On Friday, February 17, 2023, Duke University hosted its 2023 Provost’s Forum. This year’s topic was Big Problems in Big Tech. The morning session was a panel on the topic moderated by David Hoffman and featuring the following panelists:
- Casey Fiesler, associate professor in the Department of Information Science and Computer Science at the University of Colorado at Boulder
- Matthew Kenney, senior machine learning engineer at Alethea and former machine learning engineer at Apple
- David Page, professor and chair of biostatistics and bioinformatics and professor of computer science at Duke University
- Aarthi Vadde, associate professor of English at Duke University
Some of the main topics of the panel’s discussion were:
1) The integration of generative AI into search engines, such as the new combination of Bing and OpenAI.
David Page said search has looked pretty much the same for the last 30 years, and this will be a major change.
The panelists discussed how messy the rollout of the new Bing/OpenAI demo was. Casey Fiesler mentioned that a common complaint in the news about the updated Bing is that it’s a bit creepy. However, Fiesler said it’s not that surprising that Bing would bring up people’s fears about AI, for example, given that it trained on human conversations. So, it’s mimicking human conversation.
Aarthi Vadde said she’s surprised how quickly people forget that new technology is often met with this type of reaction, an uncanny valley scenario.
“You could go back to early film and remember that audiences would run out of the theater at the specter of a train coming at them,” she said.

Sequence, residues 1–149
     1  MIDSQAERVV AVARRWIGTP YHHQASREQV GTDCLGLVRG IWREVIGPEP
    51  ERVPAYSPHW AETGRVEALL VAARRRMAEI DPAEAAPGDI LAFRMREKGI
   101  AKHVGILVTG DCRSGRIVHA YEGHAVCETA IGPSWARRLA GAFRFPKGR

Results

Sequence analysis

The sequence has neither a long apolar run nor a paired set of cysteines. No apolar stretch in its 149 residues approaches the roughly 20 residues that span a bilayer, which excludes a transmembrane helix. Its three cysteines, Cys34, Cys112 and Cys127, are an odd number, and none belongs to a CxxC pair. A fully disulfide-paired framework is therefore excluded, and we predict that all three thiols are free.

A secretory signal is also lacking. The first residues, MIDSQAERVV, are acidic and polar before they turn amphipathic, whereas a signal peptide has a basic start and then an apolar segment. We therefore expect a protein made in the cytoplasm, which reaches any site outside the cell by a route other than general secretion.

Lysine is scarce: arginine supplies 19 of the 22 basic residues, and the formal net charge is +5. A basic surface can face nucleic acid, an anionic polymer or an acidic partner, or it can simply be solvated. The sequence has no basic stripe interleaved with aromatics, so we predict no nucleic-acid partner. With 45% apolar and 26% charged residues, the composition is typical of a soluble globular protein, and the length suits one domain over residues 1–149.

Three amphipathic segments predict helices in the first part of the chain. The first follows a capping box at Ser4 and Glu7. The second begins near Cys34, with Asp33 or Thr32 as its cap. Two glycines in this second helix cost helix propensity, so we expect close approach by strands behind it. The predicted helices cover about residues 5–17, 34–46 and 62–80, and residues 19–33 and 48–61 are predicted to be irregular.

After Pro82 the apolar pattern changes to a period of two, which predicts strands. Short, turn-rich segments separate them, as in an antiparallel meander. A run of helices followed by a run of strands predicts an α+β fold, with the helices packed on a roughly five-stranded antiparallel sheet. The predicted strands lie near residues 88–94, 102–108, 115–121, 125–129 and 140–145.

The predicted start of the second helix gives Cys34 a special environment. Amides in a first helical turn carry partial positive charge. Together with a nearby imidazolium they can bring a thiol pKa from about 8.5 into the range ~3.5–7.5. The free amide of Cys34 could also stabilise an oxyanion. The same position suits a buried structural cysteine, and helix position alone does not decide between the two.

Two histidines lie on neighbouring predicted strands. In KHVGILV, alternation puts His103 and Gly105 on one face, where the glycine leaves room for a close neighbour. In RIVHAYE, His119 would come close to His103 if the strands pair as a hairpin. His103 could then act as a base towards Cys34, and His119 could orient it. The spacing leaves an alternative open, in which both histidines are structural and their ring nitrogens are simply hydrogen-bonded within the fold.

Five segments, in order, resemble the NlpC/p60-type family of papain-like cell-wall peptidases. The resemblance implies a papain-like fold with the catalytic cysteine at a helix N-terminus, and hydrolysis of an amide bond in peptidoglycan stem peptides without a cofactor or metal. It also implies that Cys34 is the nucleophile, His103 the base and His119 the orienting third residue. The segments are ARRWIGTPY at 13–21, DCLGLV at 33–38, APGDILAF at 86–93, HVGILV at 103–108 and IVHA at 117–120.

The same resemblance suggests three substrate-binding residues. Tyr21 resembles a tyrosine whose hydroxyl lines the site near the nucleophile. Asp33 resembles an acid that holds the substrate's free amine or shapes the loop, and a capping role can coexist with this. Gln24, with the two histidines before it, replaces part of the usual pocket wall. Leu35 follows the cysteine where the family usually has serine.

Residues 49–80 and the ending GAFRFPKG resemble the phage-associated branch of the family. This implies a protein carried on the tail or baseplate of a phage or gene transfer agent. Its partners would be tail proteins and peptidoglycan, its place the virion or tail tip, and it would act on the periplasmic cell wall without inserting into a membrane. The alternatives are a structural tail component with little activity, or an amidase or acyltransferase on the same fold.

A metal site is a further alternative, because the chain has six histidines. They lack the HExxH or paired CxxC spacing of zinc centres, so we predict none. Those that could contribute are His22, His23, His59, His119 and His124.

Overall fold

Because Big Tech is known for its pixel-perfect product launches, Matthew Kenney said he was very surprised by the issues with the Bing/OpenAI demo. He thinks the hype around ChatGPT and the generative AI race we’re seeing fueled the premature Google announcement and Bing release.
2) The potential to generate personalized disinformation campaigns
Several panelists – Fiesler, Kenney, Page – said they believe generative AI has an immense ability to create disinformation campaigns.
“One of the things that I asked it (ChatGPT) to do first when I was playing with it was I gave it a description of a family member, here are some things about them, here are some things that they believe politically, here’s the person they voted for in the last election, can you give me an argument to convince them of this thing? Very good argument,” Fiesler said.
3) Generative AI in education
Many educators reacted with a fair degree of panic to early ChatGPT news and discussions. Vadde and Fiesler said the “moral panic” with which many educators reacted to ChatGPT was not the right response.
“I’m not saying if you’re in a hurry and you’re reading tons of applications, it couldn’t get by you – I’m sure it could get by me in some ways – but I’m not that interested in whether AI can get by me, whether it can play gotcha with me, whether I look silly,” said Vadde. “I’m really interested in the idea that students don’t want to turn to it as a time or labor-saving device because they’re interested enough in the materials, they’ve had a classroom experience that allowed them to develop their writing over time, that it doesn’t look like the best option.”
Vadde and Fiesler also agreed that they are less interested in policing students’ usage of AI than they are in understanding what would drive a student to want to “cheat” with generative AI. Vadde believes AI literacy is something educators will need to begin teaching students and that generative AI brings with it learning opportunities.
The panel brought up some fears surrounding the accessibility of generative AI at a free or low-cost price point moving forward. They are concerned that generative AI platforms moving to paid and subscription models could exacerbate existing inequalities.